It's easy to confuse a church planter with an entrepreneur.
But if it waddles and quacks like a duck, it must be a duck.
The only thing harder than planting a church is starting a hamburger joint. What do the arches and a church have in common? There's another one of each, just down the road.
Any competent entrepreneur has the instinct to know that a burger lover is not seeking a new place to scarf down a burger. The unmet-need niche for fast burgers is extremely thin for differentiation purposes.
But the essence of entrepreneurialism is to find a gap that every potential consumer is hungry to satisfy. The need must be deeply intense in order for demand to drive a global search for an answer.
It is the demand factor that most impacts the drawing power of a platform.
Community residents aren't picketing city hall to start another church. But a church planter, when inspired by the Holy Spirit, knows that a local community has a set of needs that are unmet.
Not all churches are planted with a clearly articulated differentiation. Many churches are formed by division or split. Some start in a home with a simple goal of Bible teaching and fellowship. But one thing seems certain—church doors close when needs are not met.
I haven't started or planted a church. But I did submit to the call of the Lord to pastor a church that developed from a Bible study. There was no intent to start a church. It certainly was not planted. I served for almost 10 years as a lead pastor in a bivocational calling.
I've since learned what it means to plant a church. I've met many church planters recently, and we introduce you to several in this magazine. What I believe today is that a called church planter has the drive of an entrepreneur with a burning message rooted in the gospel.
A pastorpreneur sees a need in the marketplace and knows that the answer to the need is the message of the gospel.
But the leaders of established churches that dot the landscape of franchise boulevards also believe that their gospel message has the answer people need.
What does a new church plant offer a community with an abundance of more mature church plants?
What does a new hamburger cafe have to offer?
The product may be the same, but the packaging, delivery, presentation, promotions and personality of the brand vary widely.
I remember my grandmother's homemade hamburgers as the best I've ever eaten or ever will eat. The church my "Lois" took me to was literally located on Main Street. I evaluated all other churches by what my grandmother taught me about the church. I don't know how she would feel about either my current hamburger choices or my preferences for a church.
As consumers, we evaluate choices in light of our frame of reference. We compare all new alternatives to our baseline. We stutter-step forward in life by the presentation of a "new normal."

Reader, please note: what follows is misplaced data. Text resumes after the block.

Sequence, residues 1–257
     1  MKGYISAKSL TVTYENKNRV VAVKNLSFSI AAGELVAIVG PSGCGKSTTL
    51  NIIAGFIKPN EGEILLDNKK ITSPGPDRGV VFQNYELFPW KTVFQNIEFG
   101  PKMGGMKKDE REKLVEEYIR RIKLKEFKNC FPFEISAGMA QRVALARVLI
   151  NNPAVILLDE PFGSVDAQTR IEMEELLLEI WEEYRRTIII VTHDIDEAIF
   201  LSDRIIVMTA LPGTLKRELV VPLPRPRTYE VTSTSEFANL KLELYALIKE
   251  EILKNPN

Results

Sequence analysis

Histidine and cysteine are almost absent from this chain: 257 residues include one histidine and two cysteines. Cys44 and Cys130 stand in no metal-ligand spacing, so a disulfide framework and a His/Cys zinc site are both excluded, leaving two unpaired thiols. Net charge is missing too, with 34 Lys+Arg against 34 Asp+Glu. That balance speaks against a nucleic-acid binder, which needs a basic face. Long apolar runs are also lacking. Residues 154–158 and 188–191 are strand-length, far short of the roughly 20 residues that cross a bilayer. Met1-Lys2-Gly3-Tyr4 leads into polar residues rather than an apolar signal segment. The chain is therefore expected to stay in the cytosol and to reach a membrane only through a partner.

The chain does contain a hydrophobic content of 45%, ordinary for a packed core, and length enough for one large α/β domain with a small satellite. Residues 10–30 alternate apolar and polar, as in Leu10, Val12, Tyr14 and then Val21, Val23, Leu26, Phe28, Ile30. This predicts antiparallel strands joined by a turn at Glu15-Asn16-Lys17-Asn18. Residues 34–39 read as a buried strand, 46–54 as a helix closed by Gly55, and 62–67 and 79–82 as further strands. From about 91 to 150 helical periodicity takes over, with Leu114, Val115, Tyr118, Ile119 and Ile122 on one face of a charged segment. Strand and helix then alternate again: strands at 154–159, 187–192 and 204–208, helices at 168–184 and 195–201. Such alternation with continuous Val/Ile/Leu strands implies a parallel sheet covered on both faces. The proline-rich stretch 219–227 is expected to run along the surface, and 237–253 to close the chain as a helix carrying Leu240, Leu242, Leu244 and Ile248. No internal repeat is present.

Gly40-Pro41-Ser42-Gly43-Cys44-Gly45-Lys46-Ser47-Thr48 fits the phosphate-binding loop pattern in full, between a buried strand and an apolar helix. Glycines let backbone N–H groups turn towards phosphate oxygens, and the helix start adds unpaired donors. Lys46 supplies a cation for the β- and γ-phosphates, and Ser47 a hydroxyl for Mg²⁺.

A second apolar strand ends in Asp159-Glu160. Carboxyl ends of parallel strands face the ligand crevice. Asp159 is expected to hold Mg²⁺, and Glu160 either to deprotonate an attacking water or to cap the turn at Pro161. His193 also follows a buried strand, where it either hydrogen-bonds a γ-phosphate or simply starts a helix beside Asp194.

A new message draws us into a fresh solution to an old problem.
Marketers for hamburger restaurants or a church must labor over the crafting of a compelling message. We are obliged to answer the question, "Why do we need another hamburger place?" "We have over a hundred churches in town, so why do we need another?"
A platform is the pastorpreneur's best friend. Many leaders make the mistake of placing their focus on the medium rather than the message. "Which social media is best for our ministry?" is not the right question.
The relevant platform question is, "What is our core message and who needs to hear it?"
It is difficult for any business or church to grow when we have a vague answer for our "Why?" The strongest why wins visitors.
What makes you different from all other ministries? How do you help people in your delivery of services? Do people want what you offer?
Most of us do not design our marketing for one visit. Restaurants depend upon repeat visits. Returning customers have been satisfied in some way. A ministry must provide a reason to return.
The reason to return will almost always be found in the core message. People come to us because they can't find answers anywhere else.
Your gift is unique for the audience God sends to you. Don't settle for copycat programming or delivery.
Scratch the itch in your market.
Dr. Steve Greene is the publisher and executive vice president of the media group at Charisma Media and executive producer of the Charisma Podcast Network. His book, Love Leads: The Spiritual Connection Between Your Relationships and Productivity, is now available.
Leaders, Dr. Greene wants to help you understand the spiritual connection between relationships and productivity. Read his new blog, here.
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